Ian Bluntish is in private practice in Glenelg. He has worked as a practitioner in rural SA and the NT for a group optometric practice where he was a senior executive and Director.
Ian was the National President of Optometry Australia for five years and previously president of the SA division. He has served on numerous committees and Boards associated with the health sector and optometry, including as a Ministerial appointment to the Optometry Registration Board of SA and has extensive experience in practice accreditation and standards development.
He was appointed to the inaugural Optometry Board of Australia in 2009 and in 2010 he was appointed Chair of the Board of ProVision Eyecare Pty Ltd, a company providing business support to over 450 independent optometrical practices around Australia.
Ian was appointed Chair of the Optometry Board of Australia in August 2015.
Ms Duffy is a therapeutically-endorsed optometrist who has worked in private optometry practice for more than 20 years. She is a member of the teaching team in the School of Medicine at Deakin University.
From 1996 until 2009, Ms Duffy was the foundation Executive Officer of the Optometry Council of Australia and New Zealand. Prior to NRAS, Ms Duffy served on the Optometrists Registration Board of Victoria (1993–1996), the Osteopaths Registration Board of Victoria (1997–2009) and the Pharmacy Board of Victoria (2005–2007).
As well her optometry qualifications, Ms Duffy holds a Bachelor of Laws and for several years worked in private legal practice in the firm’s insurance litigation team. She has been a sessional (optometrist) member of VCAT (2007-2012) and is a (community) member of the National Boards’ list of persons for appointment to panels.
Ms Duffy has been a member of the Optometry Board of Australia since its establishment in 2009 and is the inaugural chair of its Scheduled Medicines Advisory Committee.
Anthony Evans is a senior executive manager and company director with extensive financial and general management and board experience in health, aged care, education, resources corporate and not-for-profit sectors.
His previous roles in the health sector include being a board member of Perth Primary Care Network and a council member of HBF Health.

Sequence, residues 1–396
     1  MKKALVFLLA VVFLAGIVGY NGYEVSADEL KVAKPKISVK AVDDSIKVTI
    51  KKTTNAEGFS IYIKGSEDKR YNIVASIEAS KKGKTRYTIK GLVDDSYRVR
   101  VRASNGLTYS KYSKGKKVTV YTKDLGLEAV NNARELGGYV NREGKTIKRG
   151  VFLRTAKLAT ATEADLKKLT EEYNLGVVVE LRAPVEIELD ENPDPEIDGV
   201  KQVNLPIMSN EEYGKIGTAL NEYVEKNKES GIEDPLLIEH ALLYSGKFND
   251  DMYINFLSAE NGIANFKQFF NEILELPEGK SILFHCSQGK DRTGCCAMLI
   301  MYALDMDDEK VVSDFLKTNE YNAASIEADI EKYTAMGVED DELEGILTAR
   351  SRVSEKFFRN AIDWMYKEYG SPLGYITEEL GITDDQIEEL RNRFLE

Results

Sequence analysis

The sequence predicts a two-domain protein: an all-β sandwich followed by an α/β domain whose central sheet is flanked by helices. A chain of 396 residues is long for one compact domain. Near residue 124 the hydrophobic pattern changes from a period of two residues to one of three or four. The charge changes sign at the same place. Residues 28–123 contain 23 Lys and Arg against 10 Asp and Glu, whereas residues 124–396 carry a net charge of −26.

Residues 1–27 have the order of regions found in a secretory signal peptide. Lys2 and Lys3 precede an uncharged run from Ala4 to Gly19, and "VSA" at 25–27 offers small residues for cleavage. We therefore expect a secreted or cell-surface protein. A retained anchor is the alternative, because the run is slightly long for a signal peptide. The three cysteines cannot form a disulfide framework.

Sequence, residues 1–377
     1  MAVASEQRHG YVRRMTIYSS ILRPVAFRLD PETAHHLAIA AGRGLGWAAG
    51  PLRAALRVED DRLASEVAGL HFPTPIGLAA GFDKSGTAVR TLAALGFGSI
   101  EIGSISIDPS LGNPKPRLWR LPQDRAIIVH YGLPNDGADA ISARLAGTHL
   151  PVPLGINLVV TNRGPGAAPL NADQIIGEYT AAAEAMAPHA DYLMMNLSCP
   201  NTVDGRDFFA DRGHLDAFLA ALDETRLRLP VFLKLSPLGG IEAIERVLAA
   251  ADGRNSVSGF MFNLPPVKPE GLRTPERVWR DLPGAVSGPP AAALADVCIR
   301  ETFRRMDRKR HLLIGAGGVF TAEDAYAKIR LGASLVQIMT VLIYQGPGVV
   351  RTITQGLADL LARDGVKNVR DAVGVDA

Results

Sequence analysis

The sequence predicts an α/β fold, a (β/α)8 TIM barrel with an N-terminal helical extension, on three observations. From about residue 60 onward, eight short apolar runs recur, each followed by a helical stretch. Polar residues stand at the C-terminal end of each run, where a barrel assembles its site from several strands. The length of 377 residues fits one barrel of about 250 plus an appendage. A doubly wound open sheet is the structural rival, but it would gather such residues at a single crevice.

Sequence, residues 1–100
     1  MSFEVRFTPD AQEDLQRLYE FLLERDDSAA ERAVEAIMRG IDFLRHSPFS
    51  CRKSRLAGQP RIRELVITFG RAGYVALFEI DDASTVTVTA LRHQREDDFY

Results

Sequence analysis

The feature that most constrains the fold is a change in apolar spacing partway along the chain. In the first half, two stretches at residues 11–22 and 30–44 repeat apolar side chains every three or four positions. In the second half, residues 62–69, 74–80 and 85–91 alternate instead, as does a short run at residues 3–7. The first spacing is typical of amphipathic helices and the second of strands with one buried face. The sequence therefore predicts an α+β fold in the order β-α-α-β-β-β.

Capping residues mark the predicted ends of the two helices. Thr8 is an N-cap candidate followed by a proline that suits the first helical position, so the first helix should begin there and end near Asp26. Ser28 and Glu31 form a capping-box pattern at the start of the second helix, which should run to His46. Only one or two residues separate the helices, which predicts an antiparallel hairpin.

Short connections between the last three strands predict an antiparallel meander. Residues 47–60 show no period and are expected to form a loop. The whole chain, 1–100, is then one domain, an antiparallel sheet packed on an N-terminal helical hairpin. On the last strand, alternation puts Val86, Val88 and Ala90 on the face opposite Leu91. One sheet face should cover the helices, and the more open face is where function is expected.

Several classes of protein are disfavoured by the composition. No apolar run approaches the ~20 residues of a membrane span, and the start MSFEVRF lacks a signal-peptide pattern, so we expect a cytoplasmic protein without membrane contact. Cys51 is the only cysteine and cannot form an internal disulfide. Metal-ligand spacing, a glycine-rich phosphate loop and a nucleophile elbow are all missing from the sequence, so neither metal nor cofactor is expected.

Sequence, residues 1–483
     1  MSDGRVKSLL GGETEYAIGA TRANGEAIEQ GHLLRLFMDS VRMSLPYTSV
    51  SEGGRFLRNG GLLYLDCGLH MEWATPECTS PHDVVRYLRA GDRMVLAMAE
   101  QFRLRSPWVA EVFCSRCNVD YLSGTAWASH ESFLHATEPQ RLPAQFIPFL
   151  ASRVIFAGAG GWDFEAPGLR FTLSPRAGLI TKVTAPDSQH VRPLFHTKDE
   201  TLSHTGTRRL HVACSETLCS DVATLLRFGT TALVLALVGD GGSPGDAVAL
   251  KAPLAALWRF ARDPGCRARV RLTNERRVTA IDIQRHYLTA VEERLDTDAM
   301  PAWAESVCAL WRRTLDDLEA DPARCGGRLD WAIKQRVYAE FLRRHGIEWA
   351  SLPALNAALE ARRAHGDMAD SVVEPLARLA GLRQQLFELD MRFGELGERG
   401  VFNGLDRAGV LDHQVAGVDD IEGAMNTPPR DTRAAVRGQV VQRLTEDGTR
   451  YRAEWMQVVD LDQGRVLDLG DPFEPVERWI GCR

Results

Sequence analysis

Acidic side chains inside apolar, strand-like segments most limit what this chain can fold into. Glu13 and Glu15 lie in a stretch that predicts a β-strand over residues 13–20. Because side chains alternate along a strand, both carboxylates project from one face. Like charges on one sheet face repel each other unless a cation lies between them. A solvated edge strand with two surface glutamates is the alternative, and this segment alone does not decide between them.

Derek Fails is in an optometrist in private practice in regional NSW and has a keen interest in low vision and ocular therapeutics in optometry settings.
He practiced for 25 years in Tasmania and 15 years as Managing Director of Eyelines Tasmania, a group of independent full scope optometry practices. He also worked in multi-discipline rooms with Hobart ophthalmologists and orthoptists. He practiced in the United Kingdom before migrating to Australia.
Derek was the inaugural Tasmanian practitioner member of the Optometry Board of Australia from 2009 to 2015. He supports improved governance and registrant engagement with the Board and a better understanding of workforce and healthcare access in regional communities. He has been involved in optometry regulation since first being appointed to the Tasmanian Board of Optometry Registration in 1995 and is a member of the Optometry Council of NSW.
Derek remains a Non-executive Director of Eyelines and was previously on the Board of Royal Guide Dogs Tasmania and on Vision 2020's Low Vision Committee.
Adrienne has had a diverse background including broad experience in community issues, her experience includes environmental policy and planning, overseas aid and development, natural resource management and medical health research including Aboriginal health research. She has worked in operational leadership and governance in the not-for-profit-sector and two tiers of government.
Adrienne was an elected member of the Board of Oxfam Australia and is a member of the Nursing and Midwifery Board of NSW.
Adrienne lives on the mid-north coast of NSW and has a special interest in representing rural and regional health consumers. Adrienne hopes to make a practical and common-sense application of the governance and leadership principles she has learned over many years to health regulation in the public interest.